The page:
The Cancer Research
Blueberries contain many phytochemicals and nutrients which show potential anti-cancer effects in laboratory studies.
Several studies found that eating blueberries increases antioxidant activity in the blood as well as showing potential to prevent DNA damage. Studies are limited and results vary so more research is needed to understand blueberries’ role in these areas.
Interpreting the data
After a systematic review of the global scientific literature, AICR/WCRF analyzed how fruits and their nutrients affect the risk of developing cancer.
“Convincing” or “probable” evidence means there is strong research showing a causal relationship to cancer—either decreasing or increasing the risk. The research must include quality human studies that meet specific criteria and biological explanations for the findings.
A convincing or probable judgement is strong enough to justify recommendations.
- There is probable evidence that foods with dietary fiber DECREASE the risk of:
- Colorectal cancer
- There is probable evidence that non-starchy vegetables and fruit combined DECREASE the risk of:
- Aerodigestive cancers overall (such as mouth, pharynx and larynx; esophageal; lung; stomach and colorectal cancers)
“Limited suggestive” evidence means results are generally consistent in overall conclusions, but it’s rarely strong enough to justify recommendations to reduce risk of cancer.
- Limited evidence suggests that foods containing vitamin C may DECREASE the risk of:
- Lung cancer (in people who smoke) and colon cancer
- Limited evidence suggests that fruit may DECREASE the risk of:
- Lung cancer (in people who smoke or used to smoke tobacco) and squamous cell esophageal cancer
Ongoing Areas of Investigation
- Laboratory Research
Anthocyanins influence cell signaling in ways that increase antioxidant, anti-inflammatory and carcinogen-deactivating enzymes in cell and animal studies.
Phenolic acids increase cells’ antioxidant and anti-inflammatory defenses against damage that could lead to cancer in cell and animal studies.
Flavonols and flavan-3-ols influence gene expression and cell signaling in ways that increase antioxidant, anti-inflammatory and carcinogen-deactivating enzymes in cell and animal studies.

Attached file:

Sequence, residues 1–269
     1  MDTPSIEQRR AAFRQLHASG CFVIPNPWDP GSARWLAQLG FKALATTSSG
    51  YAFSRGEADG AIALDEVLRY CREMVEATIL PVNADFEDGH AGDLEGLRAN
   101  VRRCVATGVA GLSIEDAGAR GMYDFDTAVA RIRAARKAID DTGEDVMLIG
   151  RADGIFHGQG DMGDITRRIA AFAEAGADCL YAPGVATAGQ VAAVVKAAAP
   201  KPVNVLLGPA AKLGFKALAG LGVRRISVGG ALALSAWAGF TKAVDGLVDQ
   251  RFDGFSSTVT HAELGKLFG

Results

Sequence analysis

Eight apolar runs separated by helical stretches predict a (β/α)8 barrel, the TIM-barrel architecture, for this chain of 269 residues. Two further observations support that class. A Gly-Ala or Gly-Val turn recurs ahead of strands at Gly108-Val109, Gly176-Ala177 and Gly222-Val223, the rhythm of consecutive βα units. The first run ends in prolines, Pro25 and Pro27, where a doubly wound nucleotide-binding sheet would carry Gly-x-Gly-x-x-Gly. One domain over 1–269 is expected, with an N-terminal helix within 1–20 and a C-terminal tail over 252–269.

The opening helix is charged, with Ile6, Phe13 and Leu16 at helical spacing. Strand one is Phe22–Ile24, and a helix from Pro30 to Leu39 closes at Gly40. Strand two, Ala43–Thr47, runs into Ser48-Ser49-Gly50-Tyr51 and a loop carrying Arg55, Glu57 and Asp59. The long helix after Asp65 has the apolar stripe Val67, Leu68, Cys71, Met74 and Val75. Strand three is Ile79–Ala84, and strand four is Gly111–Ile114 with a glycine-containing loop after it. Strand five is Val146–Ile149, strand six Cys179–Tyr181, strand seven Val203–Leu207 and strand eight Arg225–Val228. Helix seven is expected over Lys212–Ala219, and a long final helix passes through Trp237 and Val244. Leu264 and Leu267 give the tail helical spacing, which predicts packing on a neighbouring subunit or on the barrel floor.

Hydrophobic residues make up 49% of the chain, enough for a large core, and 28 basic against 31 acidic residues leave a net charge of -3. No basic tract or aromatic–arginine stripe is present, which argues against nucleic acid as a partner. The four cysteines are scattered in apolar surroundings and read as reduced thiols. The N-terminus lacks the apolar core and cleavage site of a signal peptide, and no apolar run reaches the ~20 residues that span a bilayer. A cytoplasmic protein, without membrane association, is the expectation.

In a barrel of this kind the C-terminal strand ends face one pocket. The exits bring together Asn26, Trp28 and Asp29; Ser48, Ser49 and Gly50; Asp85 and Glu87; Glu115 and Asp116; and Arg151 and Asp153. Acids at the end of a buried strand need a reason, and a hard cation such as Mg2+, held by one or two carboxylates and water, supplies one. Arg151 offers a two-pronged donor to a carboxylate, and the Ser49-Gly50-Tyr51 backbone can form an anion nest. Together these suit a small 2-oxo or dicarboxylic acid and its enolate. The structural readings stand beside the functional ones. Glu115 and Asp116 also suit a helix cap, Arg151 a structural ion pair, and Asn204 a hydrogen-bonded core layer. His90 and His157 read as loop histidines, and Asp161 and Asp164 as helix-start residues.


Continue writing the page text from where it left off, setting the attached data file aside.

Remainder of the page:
Flavones influence gene expression and cell signaling in ways that increase antioxidant, anti-inflammatory and carcinogen-deactivating enzymes in cell and animal studies. They inhibit cancer cells’ growth and ability to spread, and activate signaling that leads to self-destruction of abnormal cells. They reduce expression of oncogenes (genes that have potential to cause increased cell growth that can lead to cancer) and increase expression of tumor suppressor genes.
Tannins such as ellagitannins and proanthocyanidins are complex compounds that are mostly unabsorbed. Microbes in the gut break them down to form other phytochemicals.
- In cell studies, proanthocyanidins are antioxidants that seem to influence gene expression to decrease growth of cancer cells and increase their self-destruction. However, this may not reflect effects when they are consumed in food, especially in parts of the body other than the gut.
- Ellagitannins are broken down in the digestive system to ellagic acid and then to urolithins, which are the compounds that can be absorbed into the body. In cell and animal studies, ellagic acid and the urolithins that form from it increase antioxidant enzymes, decreasing free radical damage to DNA that can lead to cancer. By influencing gene expression, they decrease growth and stimulate self-destruction of several types of cancer cells.
- In some cell studies, urolithins inhibit the aromatase enzyme that produces estrogen and inhibit the growth of estrogen-responsive breast cancer cells.